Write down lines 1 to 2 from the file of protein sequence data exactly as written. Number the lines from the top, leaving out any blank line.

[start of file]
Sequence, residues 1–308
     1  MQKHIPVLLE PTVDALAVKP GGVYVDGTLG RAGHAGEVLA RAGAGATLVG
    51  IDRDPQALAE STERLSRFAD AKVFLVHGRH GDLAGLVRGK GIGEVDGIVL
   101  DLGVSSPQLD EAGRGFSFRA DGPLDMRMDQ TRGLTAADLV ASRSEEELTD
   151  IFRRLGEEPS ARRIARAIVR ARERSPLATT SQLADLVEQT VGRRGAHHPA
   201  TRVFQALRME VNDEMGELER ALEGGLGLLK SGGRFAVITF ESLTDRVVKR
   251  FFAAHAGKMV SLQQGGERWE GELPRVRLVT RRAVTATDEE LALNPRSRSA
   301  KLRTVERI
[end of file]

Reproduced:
Sequence, residues 1–308
     1  MQKHIPVLLE PTVDALAVKP GGVYVDGTLG RAGHAGEVLA RAGAGATLVG